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Hong Kong: ‘Absurd’ attempt to ban protest song a clear violation of international law


Responding to the Hong Kong government’s bid to seek a court order to prohibit people from singing, broadcasting or distributing the protest song “Glory to Hong Kong”, the Head of Amnesty International’s China Team, Sarah Brooks, said:

“The Hong Kong government’s absurd campaign to outlaw a song shows just how little respect it has for human rights.

“Banning ‘Glory to Hong Kong’ would be in clear contradiction of international human rights law and standards, despite the government falsely claiming that such a move would be consistent with the Hong Kong Bill of Rights and international human rights treaties binding on Hong Kong.

“It is a further concern that the government has tried to justify the banning request by referring to the deeply problematic National Security Law. Under international human rights standards, expression cannot be punished on national security grounds unless the authorities demonstrate an intention ‘to incite imminent violence’. The singing, broadcasting or distributing of ‘Glory to Hong Kong’ – whether in a school, on a street, in a shopping centre, or as an anthem in a sports stadium – patently does not meet this threshold.

“The Hong Kong government must end its increasingly fervent crackdown on freedom of expression. A song is not a threat to national security, and national security may not be used as an excuse to deny people the right to express different political views.”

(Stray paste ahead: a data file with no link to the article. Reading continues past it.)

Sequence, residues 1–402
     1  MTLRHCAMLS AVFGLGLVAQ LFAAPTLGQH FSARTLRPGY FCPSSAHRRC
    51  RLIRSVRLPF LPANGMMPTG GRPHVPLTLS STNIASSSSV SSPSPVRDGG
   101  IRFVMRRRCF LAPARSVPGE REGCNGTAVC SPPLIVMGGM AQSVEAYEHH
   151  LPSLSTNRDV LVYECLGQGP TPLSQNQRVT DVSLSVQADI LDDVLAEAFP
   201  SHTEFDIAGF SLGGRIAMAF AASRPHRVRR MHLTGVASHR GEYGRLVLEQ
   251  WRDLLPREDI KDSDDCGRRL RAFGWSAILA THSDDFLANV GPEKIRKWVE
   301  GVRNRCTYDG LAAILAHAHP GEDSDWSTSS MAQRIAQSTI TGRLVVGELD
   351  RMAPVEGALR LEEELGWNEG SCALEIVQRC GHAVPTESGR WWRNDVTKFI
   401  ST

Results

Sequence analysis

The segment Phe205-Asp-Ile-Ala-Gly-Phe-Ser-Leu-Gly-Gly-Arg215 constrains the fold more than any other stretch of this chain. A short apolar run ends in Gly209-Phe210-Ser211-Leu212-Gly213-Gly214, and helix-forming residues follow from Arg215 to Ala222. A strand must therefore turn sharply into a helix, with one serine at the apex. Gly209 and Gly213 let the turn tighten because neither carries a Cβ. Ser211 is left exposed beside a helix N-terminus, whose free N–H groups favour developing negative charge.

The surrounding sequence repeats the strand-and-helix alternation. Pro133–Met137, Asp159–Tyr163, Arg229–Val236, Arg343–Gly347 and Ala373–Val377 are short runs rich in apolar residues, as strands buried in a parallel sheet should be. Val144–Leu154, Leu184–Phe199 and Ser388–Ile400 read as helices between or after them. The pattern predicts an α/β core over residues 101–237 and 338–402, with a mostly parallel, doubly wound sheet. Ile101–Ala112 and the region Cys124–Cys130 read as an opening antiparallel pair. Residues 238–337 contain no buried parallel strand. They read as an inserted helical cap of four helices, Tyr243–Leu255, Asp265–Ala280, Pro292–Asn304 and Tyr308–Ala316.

Hong Kong’s Department of Justice said on Tuesday 6 June that it seeks to ban the “broadcasting, performing, printing, publishing, selling, offering for sale, distributing, disseminating, displaying or reproducing in any way” of the song ‘Glory to Hong Kong’, which gained particular prominence during 2019 mass protests in the city.

The song’s lyrics and melody would also be banned. A protest slogan that also appears in the song, “Liberate Hong Kong, revolution of our times,” is already banned under the National Security Law as it has been deemed a call for “secession”.

On Tuesday, the government said people who engage with the song in any of the ways described could be prosecuted either under a colonial-era “sedition” law or charged with “secession” under the National Security Law, the latter potentially leading to life imprisonment. Since 2020, the government has increasingly used the overly broad “sedition” charge to crack down on legitimate expression.

‘Glory to Hong Kong’ has been played in place of Hong Kong’s national anthem at some recent sporting events involving teams or athletes representing the territory. Hong Kong’s official national anthem is the Chinese national anthem, ‘March of the Volunteers’.

UN human rights independent experts have repeatedly expressed concerns about the expansive definition of Hong Kong’s National Security Law and its arbitrary application.

The UN Human Rights Committee, in its July 2022 review of the Hong Kong government’s implementation of the International Covenant on Civil and Political Rights (ICCPR), a UN human rights treaty binding on Hong Kong, noted the undue restrictions on a wide range of rights facilitated by the National Security Law and recommended repealing the National Security Law and sedition provisions under the Crimes Ordinance. 

According to international human rights standards, neither peaceful advocacy for a change in government or government policy, nor criticism or even insult to a state’s institutions or its symbols, must be prohibited on national security grounds.

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